Modelling a Conceptual Framework for the Wine Tourism System: A Case Study of the Wine Tourism Industry in India

Modelling a Conceptual Framework for the Wine Tourism System: A Case Study of the Wine Tourism Industry in India

Anupama S. Kotur (Symbiosis Center for Management Studies, Symbiosis International University (Deemed), India)
DOI: 10.4018/978-1-7998-2204-2.ch009


Wine tourism is a synthesis of elements from the wine and tourism industries that come together to form the wine tourism experience. Several elements form a part of a much larger wine tourism system and contribute directly and/or indirectly to creating and developing a wine tourism destination. Maharashtra in India has come to be popularly known as the ‘wine bowl' of India, producing some of the award-winning and internationally acclaimed wines. This chapter aims to examine all those elements that have played a part in and are necessary to develop a competitive and sustainable wine tourism destination in Maharashtra. The singular objective of this research chapter is to propose a conceptual framework of the wine tourism system. The research largely relies on secondary data as well as results of previous empirical researches conducted by the author. The wider contribution of this chapter lies in developing and illustrating a model of wine tourism system. This system model can be instrumental in defining all those components that are most critical to the growth of a wine tourism destination.
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Maharashtra, in India has been a pioneer and frontrunner in wine tourism the country has witnessed since early 2000s. Maharashtra is home to largest numbers of vineyards in India that offer a wide range of wine tourism products and services such as vineyard resorts, vineyard restaurants, wine festivals, vineyard-based events and wine tours clubbed with various vineyard based activities for wine tourists. Wine tourism, as a form of special interest tourism is witnessing small but significant level of growth in the recent years. While the wine industry has demonstrated phenomenal success wine tourism remains to experience a similar high growth rate. Almost two decades after organised wine tourism began in early 2000 in Maharashtra; the quantum of growth has been rather sluggish. Some of the larger wineries, however, have successfully ventured and succeeded in turning wine tourism initiatives into profitable ventures, many a smaller vineyards are yet to undertake wine tourism development within their vineyards fervently.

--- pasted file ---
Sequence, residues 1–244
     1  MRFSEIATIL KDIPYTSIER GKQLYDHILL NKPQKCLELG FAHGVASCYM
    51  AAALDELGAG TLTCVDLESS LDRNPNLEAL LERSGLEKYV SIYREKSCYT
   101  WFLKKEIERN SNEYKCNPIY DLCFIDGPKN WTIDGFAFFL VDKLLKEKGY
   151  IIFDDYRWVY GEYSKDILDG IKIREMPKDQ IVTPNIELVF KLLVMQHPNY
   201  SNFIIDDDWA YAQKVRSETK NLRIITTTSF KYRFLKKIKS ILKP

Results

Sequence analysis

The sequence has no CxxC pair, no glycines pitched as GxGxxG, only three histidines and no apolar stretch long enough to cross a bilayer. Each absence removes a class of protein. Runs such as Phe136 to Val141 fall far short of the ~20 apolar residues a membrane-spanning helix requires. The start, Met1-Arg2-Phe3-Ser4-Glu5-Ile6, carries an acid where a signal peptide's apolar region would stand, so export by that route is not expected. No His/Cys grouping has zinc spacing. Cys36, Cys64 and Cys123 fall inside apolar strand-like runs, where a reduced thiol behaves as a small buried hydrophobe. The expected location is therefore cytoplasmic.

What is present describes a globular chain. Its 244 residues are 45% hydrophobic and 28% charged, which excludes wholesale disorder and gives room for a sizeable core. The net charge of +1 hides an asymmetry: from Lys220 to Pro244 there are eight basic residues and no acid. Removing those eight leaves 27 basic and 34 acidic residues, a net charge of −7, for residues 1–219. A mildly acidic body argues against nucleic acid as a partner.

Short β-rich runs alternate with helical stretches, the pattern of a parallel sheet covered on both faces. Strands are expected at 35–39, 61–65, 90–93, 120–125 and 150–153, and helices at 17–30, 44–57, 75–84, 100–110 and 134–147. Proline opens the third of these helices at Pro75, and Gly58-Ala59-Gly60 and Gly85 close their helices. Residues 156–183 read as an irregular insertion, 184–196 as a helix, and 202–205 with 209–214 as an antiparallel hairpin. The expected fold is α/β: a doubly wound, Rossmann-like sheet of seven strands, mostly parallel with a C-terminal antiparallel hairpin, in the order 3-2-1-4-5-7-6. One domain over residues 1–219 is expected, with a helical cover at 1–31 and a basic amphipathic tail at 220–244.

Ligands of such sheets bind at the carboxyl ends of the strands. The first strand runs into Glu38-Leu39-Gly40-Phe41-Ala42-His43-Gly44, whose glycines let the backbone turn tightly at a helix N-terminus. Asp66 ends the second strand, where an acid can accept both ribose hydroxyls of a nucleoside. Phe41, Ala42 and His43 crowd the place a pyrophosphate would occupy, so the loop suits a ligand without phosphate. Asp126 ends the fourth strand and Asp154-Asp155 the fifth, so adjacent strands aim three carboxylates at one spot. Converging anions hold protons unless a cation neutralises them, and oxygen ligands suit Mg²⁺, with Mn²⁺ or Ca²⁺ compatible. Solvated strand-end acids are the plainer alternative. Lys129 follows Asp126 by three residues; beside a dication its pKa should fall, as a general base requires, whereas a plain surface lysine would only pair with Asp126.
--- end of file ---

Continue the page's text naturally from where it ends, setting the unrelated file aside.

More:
Indian Wine Industry

The Indian wine industry experienced a steady growth starting from the year 2000 and wine culture has gradually become a part of urban life style as an alternate to traditionally preferred hard liquor. Indian wines are making their presence felt in the global wine markets with some of their unique varietals. ‘With a young population, increasing urbanisation and the position of wine as a ‘status choice’, India has parallels with other Asian markets where there is a growing acceptance and preference for wine among the upper and middle classes’ (Morley, NA). For the year 2017-18 Indian wine industry clocked ‘a CAGR of about 20 per cent’. In India, grapes are cultivated in ‘an area of 111.4 thousand ha with a total production 1,234.9 thousand tons’ (APEDA, 2018). Of the total grapes produced in the country around 1.2% is processed into wine. Wineries in India have also expanding their export portfolio into major countries like, France, Italy, Germany, USA, UK, Singapore, Belgium, etc. The export of wine is expected to grow at 9% per annum. With opportunities, so immense, wine tourism in the country is but a natural beneficiary. ‘Growing interest in wines, constant demand for novel tourism experiences and increasing disposition to spend in order to meet those demands among the au courant Indian travellers are the crucial factors for the growth of wine tourism in India’ (Kaddi, 2013). At this juncture, it becomes imperative to study the overall business eco system the wineries operate in that support the inclusion and development of wine tourism facilities within their wine business framework. While globally there are many studies pertaining to wine tourism systems and wine tourism experience models, very little or none exist in an Indian context. This lacuna presented an opportunity to the author for carrying out research in this area.

This study was undertaken with a singular objective of proposing a conceptual framework for wine tourism system that demonstrates and illustrates all those factors forming a part of the overall eco system of wine tourism industry in Maharashtra. The theoretical construct attempts to illustrate all factors that contribute – directly or indirectly – to the development and growth of wine tourism product. The research largely relies on secondary data as well as results from previous empirical research conducted by the author in the field of wine tourism motivation and wine tourism infrastructure. The wide-ranging contribution of this paper lies in modelling a general yet definitive framework for wine tourism system with specific reference to Maharashtra. The framework can be particularly useful to policy makers and strategic decision makers in areas relating to wine tourism product development in Maharashtra and India in general.

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